Our Social Security in Action Part II
by C. M. Albrecht
Recently, after a long and arduous period involving extensive paperwork, doctor visits, attorney visits and court proceedings, a judge finally awarded my disabled son a fully favorable decision.
Of course we knew nothing about this because the letter went to an address none of us had ever heard of. That was to be expected of course.
Eventually someone from SS called and we learned of the judge’s decision, and the caller assured us that everything was now in the works.
After nearly another month without a word and no letters, my wife went to the SS office and spent the day waiting around to eventually talk to an agent.
While George Takei greets you with a smile in the waiting room, the agent at the back didn’t get the memo. She frowned repeatedly at the paperwork, obviously unhappy with what she read.
Now when stating his opinion, the judge in writing his decision, based it on the testimony of several doctors and the law as it applies to SS. Cut and dried. Should be no question, right?
However this agent kept frowning and repeating, as she looked it over, that she just couldn’t understand how this got by. She spent the entire time letting my wife know that, in her opinion the judge must have been on drugs or something. Finally, she very reluctantly had to go ahead and process the claim, but made it obvious the she just didn’t think it was right. I’m sure her opinion is an important part of her job description. We just didn’t realize how important that was.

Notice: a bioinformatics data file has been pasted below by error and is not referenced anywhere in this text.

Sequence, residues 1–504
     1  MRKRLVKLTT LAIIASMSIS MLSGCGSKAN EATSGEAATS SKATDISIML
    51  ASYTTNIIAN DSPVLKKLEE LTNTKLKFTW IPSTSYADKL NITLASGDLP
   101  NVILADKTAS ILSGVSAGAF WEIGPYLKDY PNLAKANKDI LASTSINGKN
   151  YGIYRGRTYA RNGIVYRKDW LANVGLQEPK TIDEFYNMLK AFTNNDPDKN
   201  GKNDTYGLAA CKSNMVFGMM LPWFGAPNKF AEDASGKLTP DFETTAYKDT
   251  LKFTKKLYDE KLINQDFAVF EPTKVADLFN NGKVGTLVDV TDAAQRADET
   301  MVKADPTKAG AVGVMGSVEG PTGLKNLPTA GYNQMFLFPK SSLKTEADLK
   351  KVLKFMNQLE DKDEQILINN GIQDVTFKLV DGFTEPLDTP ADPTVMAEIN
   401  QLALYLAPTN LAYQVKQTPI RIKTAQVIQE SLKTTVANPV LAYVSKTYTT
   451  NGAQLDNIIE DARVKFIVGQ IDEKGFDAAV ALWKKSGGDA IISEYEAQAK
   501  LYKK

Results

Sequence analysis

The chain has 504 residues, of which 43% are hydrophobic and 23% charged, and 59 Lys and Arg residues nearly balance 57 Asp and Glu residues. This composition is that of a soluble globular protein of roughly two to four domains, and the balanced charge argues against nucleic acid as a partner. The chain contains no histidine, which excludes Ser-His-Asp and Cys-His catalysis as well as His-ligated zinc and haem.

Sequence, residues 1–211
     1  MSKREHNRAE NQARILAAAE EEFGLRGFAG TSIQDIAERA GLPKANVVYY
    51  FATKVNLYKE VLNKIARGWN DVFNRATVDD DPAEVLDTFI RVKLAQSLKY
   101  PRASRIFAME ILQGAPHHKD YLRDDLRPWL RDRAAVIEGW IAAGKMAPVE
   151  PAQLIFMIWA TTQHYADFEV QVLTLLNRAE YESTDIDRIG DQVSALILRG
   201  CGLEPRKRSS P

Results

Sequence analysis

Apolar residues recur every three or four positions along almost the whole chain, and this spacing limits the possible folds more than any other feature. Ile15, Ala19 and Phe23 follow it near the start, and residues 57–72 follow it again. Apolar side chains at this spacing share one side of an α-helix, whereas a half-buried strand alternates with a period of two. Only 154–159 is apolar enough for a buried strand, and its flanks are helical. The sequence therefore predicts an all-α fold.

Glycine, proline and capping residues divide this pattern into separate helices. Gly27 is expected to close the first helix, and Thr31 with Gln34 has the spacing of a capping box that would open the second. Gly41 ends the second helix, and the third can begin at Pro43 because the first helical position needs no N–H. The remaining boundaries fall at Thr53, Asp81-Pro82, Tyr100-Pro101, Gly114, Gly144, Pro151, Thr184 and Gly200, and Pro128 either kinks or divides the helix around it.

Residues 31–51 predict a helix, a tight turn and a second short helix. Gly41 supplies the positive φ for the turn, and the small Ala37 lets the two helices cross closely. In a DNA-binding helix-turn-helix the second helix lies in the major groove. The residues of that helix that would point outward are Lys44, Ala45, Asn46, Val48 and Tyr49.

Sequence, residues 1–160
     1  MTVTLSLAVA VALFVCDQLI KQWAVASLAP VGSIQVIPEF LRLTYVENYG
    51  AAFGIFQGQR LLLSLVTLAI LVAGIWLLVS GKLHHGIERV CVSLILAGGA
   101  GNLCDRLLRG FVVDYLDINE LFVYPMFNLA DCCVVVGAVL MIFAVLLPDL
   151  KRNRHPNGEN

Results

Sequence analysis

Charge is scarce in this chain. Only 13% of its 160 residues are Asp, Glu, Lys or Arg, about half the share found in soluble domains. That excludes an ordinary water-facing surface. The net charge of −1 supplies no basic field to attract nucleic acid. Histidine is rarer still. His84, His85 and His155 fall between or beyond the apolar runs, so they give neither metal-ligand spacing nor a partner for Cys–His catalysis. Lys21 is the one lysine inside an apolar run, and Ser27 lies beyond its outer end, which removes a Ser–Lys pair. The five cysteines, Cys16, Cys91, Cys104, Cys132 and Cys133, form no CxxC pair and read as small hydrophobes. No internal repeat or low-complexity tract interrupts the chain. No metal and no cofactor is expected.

Mr. Takei out front doesn’t have an opinion. He thinks you’re just another worthy American citizen who has been paying insurance money into SS for a lifetime and now it’s time to cash out. The agent in the back does have an opinion and wonders why in hell you’re bothering her with your problems and asking for a handout.
A few days later we got a letter from SS telling us about the payment process.
“We will be in touch with you regarding back payments.”
At last! That’s nice.
“As we told him before, we are withholding part of his payment to get back money he was overpaid.”
Told him what before? What money? What overpaid? He’s never received a dime so far.
“The $88.08 we will withhold is 10%.” Ten percent of what?
“If you want to pay more or less, please contact your local SS office.”
That’s a comfort. Maybe we can pay back less on what we won’t owe.
None of this is surprising at all. Since our first brush with the administration it’s been obvious that, aside from Mr. Takei and his warm welcome, none of the other employees give a damn. They demonstrate no interest in doing more than shuffling people through the system so they can get to their next break or lunch period. They clearly demonstrate that no one cares. They make it pretty clear that they consider you a wannabe welfare recipient and it’s their job to thwart that if possible. Just entering the office is worse than going to prison to visit an inmate. The employees work (understandably) behind bullet-proof glass. They have everything but a lie detector and that may be forthcoming.
This is bureaucracy at its worst. Coming out of the SS office one feels like he’s just read another novel by Franz Kafka. Worse, one feels he’s one of the characters in the novel.
On a more cheerful note. My wife did run into Elvis. He’s waiting like the rest of us.